There is no real age limit for Ballooning. Providing you can see over the edge of the basket (1.30m) and that you are capable of climbing into it, you can fly! We recommend a company called Glovento Sur (see link below), who fly all over Andalucia. The company has 3 pilots (all authorised by Spain's Civil Aviation Authority) and a selection of balloons to carry groups ranging from 4 to 10. Bookings should be made in advance and preferably early in your trip as the date often has to be changed due to weather conditions. Flights are early in the morning and are followed by a serious breakfast.

Early morning over Arcos-de-la-Frontera

We had been in touch with Santi (Glovento’s pilot for the Cádiz area) several times during the week to keep up-to-date with weather conditions. A gentle poniente (on-shore, westerly wind) was forecast with clear skies, just about perfect conditions for an early morning balloon flight over the historic hilltop town of Arcos-de-la-Frontera. However, a thick mist covered the coast as we left for our 08:30 rendezvous, and it was only when we were quite some way inland that it began to clear. Santi and his assistant, Martin, were waiting for us at the entrance to Arcos and, after introductions and the launching of a child’s helium balloon to check wind direction, we were soon sitting in their minibus with the basket and balloon on the trailer behind, heading off in search of a suitable launch site.

One of the attractive things about ballooning, as Santi explained, is that no two flights are ever the same; that is to say, winds, currents, temperatures, takeoff and landing sites, are for ever changing. This morning provided near perfect conditions, with a gentle south-westerly breeze and a thin layer of ground mist. One of the main challenges for balloon pilots is their accuracy and on this occasion Santi’s plan was to take off to the southwest of Arcos and then fly directly towards the famous escarpment that marks one of the limits to the old town. The idea was to fly up and over this vertical cliff and then between the spires of the town’s two biggest churches.

Having rejected his preferred launch site because it had been seeded with corn, Santi opted for a flat piece of land running alongside a small river and an abandoned mill. Some 100m above us and about 1km away, we could see the suggestion of the towers and ramparts of Arcos through the mist. Santi and Martin soon had the basket off the trailer and on its side with the unrolled balloon stretching across the grass. They then used a small fan to fill the balloon with air and it very soon took shape, its blue and yellow chequered panels in stark contrast to the white mist that was still all around us. It then took only a few blasts from the burners to put the balloon and basket in an upright position and then, with the basket firmly anchored, this was the moment we had been waiting for. Small foot holes in the side of the basket make climbing into it relatively easy (I went with my parents, aged nearly 80, and they had no problem getting in). However, once inside, movement is fairly limited, in a design that has hardly changed since the Montgolfier brothers made their first flight in 1783. We were five (including pilot) in a six-man basket, but Glovento also have baskets for groups of eight and ten.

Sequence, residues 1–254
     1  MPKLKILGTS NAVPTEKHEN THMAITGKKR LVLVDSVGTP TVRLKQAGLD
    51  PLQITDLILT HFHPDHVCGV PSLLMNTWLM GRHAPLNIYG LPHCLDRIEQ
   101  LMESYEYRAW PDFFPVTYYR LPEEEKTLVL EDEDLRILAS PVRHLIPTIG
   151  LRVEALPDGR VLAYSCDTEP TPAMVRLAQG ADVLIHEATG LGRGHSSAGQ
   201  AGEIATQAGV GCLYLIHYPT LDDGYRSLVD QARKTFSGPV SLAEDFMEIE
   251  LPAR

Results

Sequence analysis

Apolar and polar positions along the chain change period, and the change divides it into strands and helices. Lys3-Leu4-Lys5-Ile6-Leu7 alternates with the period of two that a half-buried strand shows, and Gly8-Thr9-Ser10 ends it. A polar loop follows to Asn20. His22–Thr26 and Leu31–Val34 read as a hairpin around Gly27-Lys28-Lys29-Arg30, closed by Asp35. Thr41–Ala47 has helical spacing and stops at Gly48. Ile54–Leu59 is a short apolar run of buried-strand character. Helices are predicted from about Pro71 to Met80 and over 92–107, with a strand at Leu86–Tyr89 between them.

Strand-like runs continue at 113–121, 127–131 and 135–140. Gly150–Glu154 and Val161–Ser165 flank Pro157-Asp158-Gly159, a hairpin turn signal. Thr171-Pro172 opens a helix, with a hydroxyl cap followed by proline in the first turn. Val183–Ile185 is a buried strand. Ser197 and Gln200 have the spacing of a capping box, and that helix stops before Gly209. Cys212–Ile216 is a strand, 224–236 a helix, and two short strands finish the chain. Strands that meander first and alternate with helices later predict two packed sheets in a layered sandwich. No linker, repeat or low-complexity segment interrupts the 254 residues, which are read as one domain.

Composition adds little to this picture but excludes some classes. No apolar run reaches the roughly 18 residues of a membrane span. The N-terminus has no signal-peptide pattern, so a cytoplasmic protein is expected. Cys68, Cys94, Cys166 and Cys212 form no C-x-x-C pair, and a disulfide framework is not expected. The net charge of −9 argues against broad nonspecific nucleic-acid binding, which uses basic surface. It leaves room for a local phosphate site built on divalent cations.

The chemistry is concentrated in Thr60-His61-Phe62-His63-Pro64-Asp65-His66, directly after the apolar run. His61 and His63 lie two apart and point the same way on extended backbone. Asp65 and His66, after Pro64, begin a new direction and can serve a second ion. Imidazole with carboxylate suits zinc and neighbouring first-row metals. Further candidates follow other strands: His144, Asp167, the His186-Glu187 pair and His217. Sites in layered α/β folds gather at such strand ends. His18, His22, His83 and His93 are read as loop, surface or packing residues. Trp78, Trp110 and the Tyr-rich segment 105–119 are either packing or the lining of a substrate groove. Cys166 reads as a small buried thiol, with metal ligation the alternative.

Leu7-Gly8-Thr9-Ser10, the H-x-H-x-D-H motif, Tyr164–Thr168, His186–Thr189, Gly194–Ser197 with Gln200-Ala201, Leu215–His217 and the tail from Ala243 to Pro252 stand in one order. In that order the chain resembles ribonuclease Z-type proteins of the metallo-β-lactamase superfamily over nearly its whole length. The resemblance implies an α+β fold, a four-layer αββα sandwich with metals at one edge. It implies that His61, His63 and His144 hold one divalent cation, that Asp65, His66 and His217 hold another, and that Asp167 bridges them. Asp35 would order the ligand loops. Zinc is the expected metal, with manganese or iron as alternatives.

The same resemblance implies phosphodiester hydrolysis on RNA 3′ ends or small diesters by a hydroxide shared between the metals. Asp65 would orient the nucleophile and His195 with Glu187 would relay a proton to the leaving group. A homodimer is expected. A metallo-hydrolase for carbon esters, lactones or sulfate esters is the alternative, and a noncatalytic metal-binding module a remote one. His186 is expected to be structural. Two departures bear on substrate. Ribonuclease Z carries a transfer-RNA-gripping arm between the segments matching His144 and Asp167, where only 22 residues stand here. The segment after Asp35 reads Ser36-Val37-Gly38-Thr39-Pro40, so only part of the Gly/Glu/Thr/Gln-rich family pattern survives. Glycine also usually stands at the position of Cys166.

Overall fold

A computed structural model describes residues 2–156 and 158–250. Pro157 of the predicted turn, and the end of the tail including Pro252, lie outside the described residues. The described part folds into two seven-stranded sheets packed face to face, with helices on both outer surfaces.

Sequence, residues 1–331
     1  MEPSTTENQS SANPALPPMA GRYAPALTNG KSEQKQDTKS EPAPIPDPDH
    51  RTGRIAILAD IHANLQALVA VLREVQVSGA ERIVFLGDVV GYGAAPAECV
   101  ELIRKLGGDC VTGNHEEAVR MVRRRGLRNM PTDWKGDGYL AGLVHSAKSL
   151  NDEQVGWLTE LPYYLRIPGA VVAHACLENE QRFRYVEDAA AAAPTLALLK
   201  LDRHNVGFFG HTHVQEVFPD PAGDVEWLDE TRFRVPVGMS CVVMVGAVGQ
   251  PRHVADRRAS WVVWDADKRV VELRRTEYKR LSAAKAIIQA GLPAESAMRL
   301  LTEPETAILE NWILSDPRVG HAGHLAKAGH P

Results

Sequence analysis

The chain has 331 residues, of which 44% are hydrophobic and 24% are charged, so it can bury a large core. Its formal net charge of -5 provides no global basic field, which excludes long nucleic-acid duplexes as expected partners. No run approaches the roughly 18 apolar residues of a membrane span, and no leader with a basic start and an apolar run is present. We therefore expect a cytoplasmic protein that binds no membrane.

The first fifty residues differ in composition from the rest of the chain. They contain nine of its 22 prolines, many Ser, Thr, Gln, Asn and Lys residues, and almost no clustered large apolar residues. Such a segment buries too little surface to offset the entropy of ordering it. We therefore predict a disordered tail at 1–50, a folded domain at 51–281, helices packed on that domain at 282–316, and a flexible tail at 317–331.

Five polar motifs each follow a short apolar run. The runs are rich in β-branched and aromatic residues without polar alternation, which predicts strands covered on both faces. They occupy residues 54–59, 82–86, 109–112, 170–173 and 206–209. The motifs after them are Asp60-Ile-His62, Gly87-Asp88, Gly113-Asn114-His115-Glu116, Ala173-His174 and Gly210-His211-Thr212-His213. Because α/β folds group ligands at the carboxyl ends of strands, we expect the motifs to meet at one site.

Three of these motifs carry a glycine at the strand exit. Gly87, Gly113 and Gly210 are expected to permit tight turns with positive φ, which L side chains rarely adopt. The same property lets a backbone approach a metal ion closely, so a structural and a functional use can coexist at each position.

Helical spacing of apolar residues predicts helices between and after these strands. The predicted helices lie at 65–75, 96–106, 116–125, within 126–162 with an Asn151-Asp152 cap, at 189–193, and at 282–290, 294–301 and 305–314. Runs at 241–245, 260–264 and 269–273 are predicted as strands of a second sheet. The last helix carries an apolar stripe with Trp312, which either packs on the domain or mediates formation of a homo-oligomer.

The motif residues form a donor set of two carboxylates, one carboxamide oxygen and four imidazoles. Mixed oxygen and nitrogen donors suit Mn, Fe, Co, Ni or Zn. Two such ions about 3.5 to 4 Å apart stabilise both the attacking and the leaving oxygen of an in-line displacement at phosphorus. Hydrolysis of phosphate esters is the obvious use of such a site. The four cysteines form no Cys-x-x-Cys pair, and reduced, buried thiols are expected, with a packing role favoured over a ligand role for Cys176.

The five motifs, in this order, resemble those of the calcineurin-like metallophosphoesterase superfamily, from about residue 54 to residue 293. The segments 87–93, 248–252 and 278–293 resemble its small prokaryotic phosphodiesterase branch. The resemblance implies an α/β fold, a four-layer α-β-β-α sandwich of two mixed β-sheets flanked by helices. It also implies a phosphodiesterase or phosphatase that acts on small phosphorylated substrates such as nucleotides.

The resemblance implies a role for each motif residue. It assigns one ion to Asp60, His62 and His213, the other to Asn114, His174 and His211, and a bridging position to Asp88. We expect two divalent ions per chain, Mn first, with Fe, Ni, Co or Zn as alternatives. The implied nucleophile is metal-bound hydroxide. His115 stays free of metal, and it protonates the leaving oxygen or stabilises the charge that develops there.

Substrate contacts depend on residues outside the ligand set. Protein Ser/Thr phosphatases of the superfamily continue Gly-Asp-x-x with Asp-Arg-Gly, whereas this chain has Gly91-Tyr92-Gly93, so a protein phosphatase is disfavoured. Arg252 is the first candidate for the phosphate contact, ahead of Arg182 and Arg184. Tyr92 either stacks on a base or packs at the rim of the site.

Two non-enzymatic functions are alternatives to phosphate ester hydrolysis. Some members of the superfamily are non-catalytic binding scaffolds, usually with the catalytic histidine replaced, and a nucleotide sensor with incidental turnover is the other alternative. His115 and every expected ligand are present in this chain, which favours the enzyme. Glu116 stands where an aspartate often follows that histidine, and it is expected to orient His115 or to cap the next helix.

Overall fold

The first few blasts from the burners are the worst in terms of heat and noise, not only because you are not prepared but also because the blasts needed to get the balloon off the ground and moving up are longer. However, with cold cheeks and warm heads we were soon on are way and before long the river below looked no more than a small stream and the outline of the ramparts above became increasingly recognisable. Although we were clearly rising, we were also moving towards the cliff pretty swiftly. And, although nobody said anything, we were all starting to wonder whether we were ascending fast enough. However, our pilot was spot-on and we drifted over the plaza mayor and between the towers, much to the excitement of the waving tourists breakfasting in the big window of the Parador at the top of the rock and the groups of passers-by who had congregated in the plaza to wave and shout. It is not every day that you see a balloon, and one of the nice things about flying in one is that everyone waves and smiles at you! Even the cows look as you fly over fields, and the barking of dogs, which follows your every move, is often the only noise you can hear (even 500m up!) People in their pyjamas came running out to wave and shout as we slipped over the rooftops of waking Arcos.